Posted on July 11, 2014 at 10:54 AM
At first glance legal scholars, doctors, philosophers, scientists, and engineers may not appear to have much in common; however, members of these professions make up the Presidential Commission for the Study of Bioethical Issues (Bioethics Commission). For the past four years, since its first public meeting on July 8, 2010, the Bioethics Commission has been advising President Obama on issues arising from advances in biomedicine and related areas of science and technology. Bioethics is a multidisciplinary field that draws upon many subject areas and disciplines to address ethical questions in health care and biomedical sciences. The field revolves around core principles such as justice, beneficence, autonomy, and democratic deliberation. Different disciplinary perspectives lend various lenses through which to consider these principles, contributing to the richness of the field as a whole and increasing the likelihood that the ethical analysis generated is well-rounded.
Reflecting the multidisciplinary nature of bioethics, Bioethics Commission members include philosophers John Arras, Ph.D., and Christine Grady, R.N., Ph.D.; legal scholars Anita Allen, J.D., Ph.D., and Nita Farahany, J.D., Ph.D.; clinician Barbara Atkinson, M.D.; scientific researcher Raju Kucherlapati, Ph.D.; clinician and philosopher Daniel Sulmasy, M.D., Ph.D.; along with Nelson Michael, M.D., Ph.D., and Stephen Hauser, M.D., who are both clinicians and researchers; Vice-chair James W. Wagner, Ph.D., an engineer; and Commission Chair Amy Gutmann, Ph.D., a political philosopher. Our Member Spotlight series provides an in-depth look at each member of the Commission, highlighting how their professional backgrounds contribute to the commission’s bioethical work, and our video, What a Bioethics Commission Does,further illustrates the interdisciplinary nature of the field.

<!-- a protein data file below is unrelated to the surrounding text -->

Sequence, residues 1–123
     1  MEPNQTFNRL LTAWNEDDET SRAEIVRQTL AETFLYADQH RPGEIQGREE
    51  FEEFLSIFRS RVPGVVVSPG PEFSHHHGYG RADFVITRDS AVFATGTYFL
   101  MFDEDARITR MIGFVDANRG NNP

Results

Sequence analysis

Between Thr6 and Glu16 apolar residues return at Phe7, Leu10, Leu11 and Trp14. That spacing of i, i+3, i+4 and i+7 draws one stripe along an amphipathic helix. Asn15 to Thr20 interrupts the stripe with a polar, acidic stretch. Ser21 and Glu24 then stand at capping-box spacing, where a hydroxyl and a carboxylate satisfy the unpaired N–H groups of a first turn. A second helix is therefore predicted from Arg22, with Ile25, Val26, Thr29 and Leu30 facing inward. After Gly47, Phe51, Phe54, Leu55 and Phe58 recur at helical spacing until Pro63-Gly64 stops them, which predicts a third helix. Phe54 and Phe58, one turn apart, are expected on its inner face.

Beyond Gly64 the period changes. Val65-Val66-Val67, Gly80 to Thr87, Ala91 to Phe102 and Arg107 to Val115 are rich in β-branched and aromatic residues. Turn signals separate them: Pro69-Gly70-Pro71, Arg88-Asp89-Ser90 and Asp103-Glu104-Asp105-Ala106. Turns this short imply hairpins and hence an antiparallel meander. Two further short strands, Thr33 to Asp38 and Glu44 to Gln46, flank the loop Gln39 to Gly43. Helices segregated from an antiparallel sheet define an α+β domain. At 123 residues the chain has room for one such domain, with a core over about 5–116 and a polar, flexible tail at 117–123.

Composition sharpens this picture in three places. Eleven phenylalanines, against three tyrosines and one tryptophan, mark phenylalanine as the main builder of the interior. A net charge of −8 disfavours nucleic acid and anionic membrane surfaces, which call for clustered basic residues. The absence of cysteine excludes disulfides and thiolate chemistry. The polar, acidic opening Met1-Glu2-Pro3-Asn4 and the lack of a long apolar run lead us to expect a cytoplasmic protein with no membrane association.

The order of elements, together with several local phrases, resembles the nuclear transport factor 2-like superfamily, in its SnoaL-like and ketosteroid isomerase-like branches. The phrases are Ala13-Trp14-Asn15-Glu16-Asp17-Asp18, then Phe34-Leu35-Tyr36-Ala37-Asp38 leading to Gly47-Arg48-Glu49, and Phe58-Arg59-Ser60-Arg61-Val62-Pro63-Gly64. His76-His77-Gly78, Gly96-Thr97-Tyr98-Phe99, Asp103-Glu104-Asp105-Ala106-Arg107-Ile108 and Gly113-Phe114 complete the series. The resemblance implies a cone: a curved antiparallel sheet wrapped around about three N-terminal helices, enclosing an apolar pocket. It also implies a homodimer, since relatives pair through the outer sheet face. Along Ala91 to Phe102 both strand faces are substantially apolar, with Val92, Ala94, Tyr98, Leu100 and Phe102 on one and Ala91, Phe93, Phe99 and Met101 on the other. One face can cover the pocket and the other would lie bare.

Just as the variety of the Bioethics Commission members’ backgrounds fosters rich dialogue and collaboration, so too does the multidisciplinary nature of the Commission’s staff, who assist members with research, drafting reports, and planning public meetings. The Commission staff come from law, epidemiology, philosophy, medical anthropology, health sciences, and public health. This diversity in expertise is intentional and helps the Commission tackle the wide variety of issues bioethics addresses. Already the Commission has covered a range of issues including the ethical considerations arising from emerging technologies—such as synthetic biology, whole genome sequencing, and neuroscience—and the protection of scientific research participants. More specifically the Commission has addressed questions such as: should the government conduct pediatric medical countermeasure research; and how should researchers and clinicians prepare for incidental and secondary findings?
Bioethics often examines questions to which there are no easy answers. Commission Members, representing a variety of professional backgrounds, bring a range of legal, moral, scientific, and political perspectives to the issues it considers. With help from a multidisciplinary staff the Bioethics Commission provides well thought out ethical analyses about complex issues.